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Thursday, January 29, 2015

Metro Stops The Presses


Copy (1929) Has Newshounds In Natural Habitat

Of days when news gatherers worked city rooms in shirtsleeve and had lunch out of pails, this was another of talkers to show the print game as hard-bitten and not for softies. It was known within a season of sound that reporters were a cynical lot that breathed black humor and round-clock lifestyle. In all of precode, I don't recall seeing one of them sleep. Copy is a two-reeler to encapsulate what was already a sub-genre, and what's the wonder, as transplanted news scribes were already taking charge of scenario departments all over lotus land. These imports to Hollywood brought urban awareness to make silent scribes look anemic. A famous wire sent by Herman Mankiewicz promised east coast peers of easy filmworld pickings and competition limited to "idiots," that summing up his and other newcomer's stance re colleagues at the studios. Copy reflects casual attitude toward matters most took serious, news staff waiting for a senator to "croak" so they can get his obit in the morning edition, etc. Lead scribbler (Roscoe Karns) is brought up short by family crisis, sentiment winning out in Hollywood, if not at press rooms in New York. Goose to Copy narrative turns on General Slocum-like sinking of a ferry boat filled with mothers and offspring. Is editor Karns' wife and child among them? He and Copy cast do about face on wisecracking when it looks that way, so maybe ink slingers are human after all. Copy is among Warner Archives' Classic Shorts From The Dream Factory --- Volume Two.

3 Comments:

Blogger Dave K said...

Roscoe Karns! The voice, ever grating! The forelock, ever present! One of my absolute favorites!

9:07 AM  
Blogger John McElwee said...

Dan Mercer points us to a later Roscoe Karns series for TV:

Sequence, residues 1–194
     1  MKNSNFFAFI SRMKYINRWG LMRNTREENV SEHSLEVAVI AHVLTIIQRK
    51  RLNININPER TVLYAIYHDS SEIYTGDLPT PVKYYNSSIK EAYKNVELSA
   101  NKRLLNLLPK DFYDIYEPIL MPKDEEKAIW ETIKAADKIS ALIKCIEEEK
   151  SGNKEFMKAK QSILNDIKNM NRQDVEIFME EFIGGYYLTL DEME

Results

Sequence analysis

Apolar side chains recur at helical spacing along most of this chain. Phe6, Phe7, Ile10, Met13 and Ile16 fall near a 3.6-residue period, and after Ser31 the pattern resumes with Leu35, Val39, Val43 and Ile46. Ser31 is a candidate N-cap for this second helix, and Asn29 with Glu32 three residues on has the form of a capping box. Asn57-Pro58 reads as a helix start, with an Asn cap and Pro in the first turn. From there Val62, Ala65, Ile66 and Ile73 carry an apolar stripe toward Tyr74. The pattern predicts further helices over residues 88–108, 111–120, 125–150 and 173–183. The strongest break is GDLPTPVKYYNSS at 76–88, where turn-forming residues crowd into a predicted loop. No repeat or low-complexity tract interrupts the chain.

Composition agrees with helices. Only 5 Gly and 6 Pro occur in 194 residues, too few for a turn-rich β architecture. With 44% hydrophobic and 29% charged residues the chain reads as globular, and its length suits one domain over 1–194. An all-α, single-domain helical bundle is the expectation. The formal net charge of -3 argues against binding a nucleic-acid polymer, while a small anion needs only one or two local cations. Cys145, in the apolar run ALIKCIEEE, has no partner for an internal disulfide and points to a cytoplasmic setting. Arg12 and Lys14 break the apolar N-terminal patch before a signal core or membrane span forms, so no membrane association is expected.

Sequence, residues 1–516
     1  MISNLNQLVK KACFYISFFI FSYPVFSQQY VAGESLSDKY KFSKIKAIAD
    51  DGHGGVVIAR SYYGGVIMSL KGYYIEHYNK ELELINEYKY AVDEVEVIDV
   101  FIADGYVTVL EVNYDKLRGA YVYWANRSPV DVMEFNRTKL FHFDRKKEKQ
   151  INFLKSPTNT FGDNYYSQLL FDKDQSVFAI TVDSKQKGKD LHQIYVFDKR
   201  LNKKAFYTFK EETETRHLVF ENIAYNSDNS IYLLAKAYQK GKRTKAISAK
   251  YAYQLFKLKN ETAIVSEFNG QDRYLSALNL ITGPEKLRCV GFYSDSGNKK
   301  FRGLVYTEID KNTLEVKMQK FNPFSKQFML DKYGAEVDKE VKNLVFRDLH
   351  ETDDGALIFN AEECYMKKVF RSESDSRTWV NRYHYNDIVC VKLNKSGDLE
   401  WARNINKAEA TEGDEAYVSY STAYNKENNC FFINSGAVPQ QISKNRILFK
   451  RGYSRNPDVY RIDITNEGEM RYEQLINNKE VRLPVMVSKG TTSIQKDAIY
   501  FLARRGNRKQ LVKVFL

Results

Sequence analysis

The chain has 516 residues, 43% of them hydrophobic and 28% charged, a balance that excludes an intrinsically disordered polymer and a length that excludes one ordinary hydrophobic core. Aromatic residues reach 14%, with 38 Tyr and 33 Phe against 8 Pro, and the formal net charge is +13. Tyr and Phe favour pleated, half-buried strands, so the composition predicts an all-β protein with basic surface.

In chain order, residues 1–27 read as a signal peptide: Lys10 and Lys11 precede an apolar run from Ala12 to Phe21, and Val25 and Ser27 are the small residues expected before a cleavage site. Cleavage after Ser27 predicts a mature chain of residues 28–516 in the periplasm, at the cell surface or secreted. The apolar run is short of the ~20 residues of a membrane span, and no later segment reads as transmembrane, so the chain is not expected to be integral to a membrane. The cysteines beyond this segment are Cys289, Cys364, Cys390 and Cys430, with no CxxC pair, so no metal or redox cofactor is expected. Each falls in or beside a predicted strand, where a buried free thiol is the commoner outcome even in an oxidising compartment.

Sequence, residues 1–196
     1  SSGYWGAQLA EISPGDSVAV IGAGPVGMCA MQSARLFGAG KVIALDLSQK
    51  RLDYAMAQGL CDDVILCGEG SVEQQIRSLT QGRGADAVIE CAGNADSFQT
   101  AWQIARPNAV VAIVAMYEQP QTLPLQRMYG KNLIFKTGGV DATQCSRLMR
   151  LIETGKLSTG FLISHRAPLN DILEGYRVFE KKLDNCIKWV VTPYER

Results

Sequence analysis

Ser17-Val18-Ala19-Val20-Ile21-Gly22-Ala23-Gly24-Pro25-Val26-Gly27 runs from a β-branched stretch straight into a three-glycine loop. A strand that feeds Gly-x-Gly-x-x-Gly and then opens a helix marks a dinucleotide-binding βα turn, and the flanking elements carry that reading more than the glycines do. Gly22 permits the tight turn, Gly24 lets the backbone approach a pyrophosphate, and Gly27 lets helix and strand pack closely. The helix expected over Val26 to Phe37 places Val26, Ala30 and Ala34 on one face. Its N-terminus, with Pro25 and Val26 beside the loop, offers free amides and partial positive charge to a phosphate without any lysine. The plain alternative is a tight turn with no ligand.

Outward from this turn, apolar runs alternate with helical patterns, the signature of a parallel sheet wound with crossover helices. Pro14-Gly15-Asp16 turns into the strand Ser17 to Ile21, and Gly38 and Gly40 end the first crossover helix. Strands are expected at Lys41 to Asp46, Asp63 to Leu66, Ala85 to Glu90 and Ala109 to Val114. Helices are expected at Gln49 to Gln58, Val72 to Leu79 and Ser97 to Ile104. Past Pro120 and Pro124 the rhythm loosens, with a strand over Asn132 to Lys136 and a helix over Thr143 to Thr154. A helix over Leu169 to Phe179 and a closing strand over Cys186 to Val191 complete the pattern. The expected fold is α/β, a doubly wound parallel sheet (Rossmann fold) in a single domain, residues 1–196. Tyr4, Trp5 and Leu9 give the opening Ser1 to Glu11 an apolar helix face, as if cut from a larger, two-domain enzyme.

Roscoe Karns wound up his career as Rocky King in "Rocky King, Inside Detective," a Dumont Television Network series broadcast live from January 1, 1950 to December 31, 1954. The "inside" must have referred to the network, as typical Dumont economies incorporated offices and corridors in DuMont's New York headquarters. There was little action, but Karns' engaging personality and way with a line carried the show. The voice remained the same, but the hair having thinned somewhat, the forelock was no longer on display.

11:58 AM  
Blogger John McElwee said...

Micheal Hayde shares some interesting data re "Copy" from a contemporary column:


John,

Here's a little background on Karns and "Copy," courtesy of Louella Parsons' column of February 26, 1929:

"Something in knowing how to play a reporter. So few movie actors ever get
the right slant on newspaper life. Roscoe Karns, who played Hildy Johnson
in 'The Front Page' and scored a big local hit on the stage, is going to
take what he learned in that play and repeat it in 'Copy,' a newspaper
story he is about to make with Norman Huston directing. 'Copy' is by
Kendall Banning and has a good title. Let's hope it will be worthy of the
honor of Metro-Goldwyn-Mayer for MGM is the company signing the versatile
Mr. Karns. James Donlin, one of the best comedy reliefs in 'The Front Page'
will also take himself and his talents to MGM to play in 'Copy.'"

11:55 AM  

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